The team for Gabriel Campillo has announced plans today to file a protest with the International Boxing Federation (IBF) to dispute their fighter’s highly controversial split decision loss to champion Tavoris Cloud last Saturday (February 18) in Corpus Christi, Texas.
Campillo lost by scores of 115-111, 112-114 and 110-116 after surviving two knockdowns in round one to outbox and significantly outland Cloud the rest of the way ().
“We are going to file a protest with the IBF on Monday and we’ll make a request for a no-decision and an immediate rematch,” Campillo promoter Sampson Lewkowicz told Boxingscene.com. “This is the second time that something like this has happened to one of my fighters. First it was Sergio Martinez with Kermit Cintron and now with Campillo.”
The fight, broadcast live on Showtime Extreme, started with Cloud having a huge 10-7 first round courtesy of two knockdowns. Campillo would immediately bounce back in the second round by moving Cloud back with quick 3-4 punch combinations. The southpaw Campillo continued his momentum in the third with sharp left cross counters that had Cloud befuddled.
Cloud had solid moments in the fourth and sixth rounds by outworking Campillo on the inside with short hooks to the body. However, Campillo evaded Cloud’s heavy power shots and had a big seventh round that started off with varied and hard combinations to the head and body. The damage became visible via a bad cut above Cloud’s left eye.
Campillo never lost his momentum in the late rounds, having big moments in the eighth and tenth by stunning Cloud with uppercuts, left crosses and short right hooks. Cloud’s best late moment would come in the eleventh when he landed a jarring right after Campillo unwisely began to taunt him.
Showtime ring announcer Jimmy Lennon Jr. also believed the decision to be unjust, tweeting immediately afterward that it was “one of the hardest decisions I’ve ever had to announce.”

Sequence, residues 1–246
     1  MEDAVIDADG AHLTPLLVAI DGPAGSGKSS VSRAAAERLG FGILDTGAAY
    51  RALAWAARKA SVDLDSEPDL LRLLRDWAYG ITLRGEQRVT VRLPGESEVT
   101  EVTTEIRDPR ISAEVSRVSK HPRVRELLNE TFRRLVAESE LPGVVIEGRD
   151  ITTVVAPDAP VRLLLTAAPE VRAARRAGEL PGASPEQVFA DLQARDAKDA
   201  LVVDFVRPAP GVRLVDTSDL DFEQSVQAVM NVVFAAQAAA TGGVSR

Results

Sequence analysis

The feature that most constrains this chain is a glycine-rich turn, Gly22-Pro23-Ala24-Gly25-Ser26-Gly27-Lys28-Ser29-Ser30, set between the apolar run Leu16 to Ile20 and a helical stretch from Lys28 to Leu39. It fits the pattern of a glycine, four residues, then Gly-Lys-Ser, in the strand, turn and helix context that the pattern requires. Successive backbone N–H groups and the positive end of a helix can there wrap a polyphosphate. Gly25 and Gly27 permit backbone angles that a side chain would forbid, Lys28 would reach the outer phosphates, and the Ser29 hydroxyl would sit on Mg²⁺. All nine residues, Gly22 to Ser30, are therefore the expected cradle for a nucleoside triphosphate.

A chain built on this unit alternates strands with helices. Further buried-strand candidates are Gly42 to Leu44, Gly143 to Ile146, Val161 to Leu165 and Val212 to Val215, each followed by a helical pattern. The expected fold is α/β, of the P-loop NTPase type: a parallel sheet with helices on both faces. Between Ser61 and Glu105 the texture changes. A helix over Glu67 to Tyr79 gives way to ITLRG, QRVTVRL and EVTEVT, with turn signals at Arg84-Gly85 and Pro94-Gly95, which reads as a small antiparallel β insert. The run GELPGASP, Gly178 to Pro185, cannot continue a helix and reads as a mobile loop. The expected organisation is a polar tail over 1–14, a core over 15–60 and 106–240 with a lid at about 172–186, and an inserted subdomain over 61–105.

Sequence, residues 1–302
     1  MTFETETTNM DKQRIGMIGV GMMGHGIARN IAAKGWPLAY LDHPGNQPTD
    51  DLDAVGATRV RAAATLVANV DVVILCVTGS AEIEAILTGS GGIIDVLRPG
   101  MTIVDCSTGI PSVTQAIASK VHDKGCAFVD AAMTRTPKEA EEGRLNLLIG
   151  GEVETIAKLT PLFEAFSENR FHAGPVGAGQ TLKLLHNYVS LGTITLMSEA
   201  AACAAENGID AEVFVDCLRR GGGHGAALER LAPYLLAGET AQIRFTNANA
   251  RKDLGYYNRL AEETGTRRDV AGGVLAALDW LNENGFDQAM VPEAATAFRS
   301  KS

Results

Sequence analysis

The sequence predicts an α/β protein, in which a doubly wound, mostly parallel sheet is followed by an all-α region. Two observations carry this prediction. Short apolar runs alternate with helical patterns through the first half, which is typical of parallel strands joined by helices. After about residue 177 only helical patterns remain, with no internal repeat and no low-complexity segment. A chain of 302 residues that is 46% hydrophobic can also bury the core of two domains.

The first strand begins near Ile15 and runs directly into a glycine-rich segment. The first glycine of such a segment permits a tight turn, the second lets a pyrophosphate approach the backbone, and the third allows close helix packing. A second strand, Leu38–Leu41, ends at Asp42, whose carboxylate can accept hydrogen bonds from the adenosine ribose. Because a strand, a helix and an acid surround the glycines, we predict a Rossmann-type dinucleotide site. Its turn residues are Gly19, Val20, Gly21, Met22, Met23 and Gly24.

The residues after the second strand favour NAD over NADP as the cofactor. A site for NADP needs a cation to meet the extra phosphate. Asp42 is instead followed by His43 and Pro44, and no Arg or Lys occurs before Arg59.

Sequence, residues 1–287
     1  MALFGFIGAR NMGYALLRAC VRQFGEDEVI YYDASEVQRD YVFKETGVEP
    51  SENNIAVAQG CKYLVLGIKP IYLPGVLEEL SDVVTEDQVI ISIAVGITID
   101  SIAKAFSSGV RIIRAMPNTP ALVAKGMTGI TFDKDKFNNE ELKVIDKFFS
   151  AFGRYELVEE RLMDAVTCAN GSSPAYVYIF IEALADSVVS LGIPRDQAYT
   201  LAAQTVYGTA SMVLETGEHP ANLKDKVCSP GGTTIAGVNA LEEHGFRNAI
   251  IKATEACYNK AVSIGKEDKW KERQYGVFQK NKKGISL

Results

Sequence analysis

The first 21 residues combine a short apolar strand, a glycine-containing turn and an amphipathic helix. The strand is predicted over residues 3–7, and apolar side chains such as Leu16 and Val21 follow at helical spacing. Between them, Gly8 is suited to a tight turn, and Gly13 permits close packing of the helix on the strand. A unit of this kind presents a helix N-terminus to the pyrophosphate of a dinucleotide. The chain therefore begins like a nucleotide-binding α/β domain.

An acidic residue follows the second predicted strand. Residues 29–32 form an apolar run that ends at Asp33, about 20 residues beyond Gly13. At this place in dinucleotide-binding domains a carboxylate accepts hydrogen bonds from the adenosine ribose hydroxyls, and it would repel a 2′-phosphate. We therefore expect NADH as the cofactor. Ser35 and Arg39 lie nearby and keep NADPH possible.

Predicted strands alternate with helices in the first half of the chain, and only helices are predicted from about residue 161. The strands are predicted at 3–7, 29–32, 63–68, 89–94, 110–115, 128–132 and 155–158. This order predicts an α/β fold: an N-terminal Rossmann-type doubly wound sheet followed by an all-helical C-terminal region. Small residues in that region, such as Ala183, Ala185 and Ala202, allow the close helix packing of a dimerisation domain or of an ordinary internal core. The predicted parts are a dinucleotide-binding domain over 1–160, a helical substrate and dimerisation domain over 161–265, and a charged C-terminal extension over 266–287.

The decision was angrily booed by fans in attendance. The tense atmosphere resulted in Cloud’s mother fainting when the decision was announced and the crowd chanting Campillo’s name as he remained in the ring.
“I feel like I won this fight,” said Cloud when questioned about the verdict’s validity. “I was the aggressor throughout the fight… He [Campillo] cannot take a punch.”
The controversial win was Cloud’s fourth defense of his IBF light-heavyweight title.
The saddest thing is that as boxing writers and fans we’re so used to this that we don’t even bat an eye. On Twitter, nearly everyone I follow and myself included said “well, Campillo’s about to get screwed.” We’ve come to accept this nonense as a functional part of our sport. Texas’ history of dodgy decisions is well documented with the most famous being Pernell Whitaker out-classing Julio Cesar Chavez and only earning a draw. The 116-110 score for Cloud is sheer corruption, ineptness or both.
The New Jersey boxing commission did the right thing last year when they suspended the judges involved in Paul Williams’ robbery “win” over Erislandy Lara. We won’t get anything similar from Texas until the big networks make it clear these embarrassments to the sport will no longer be accepted.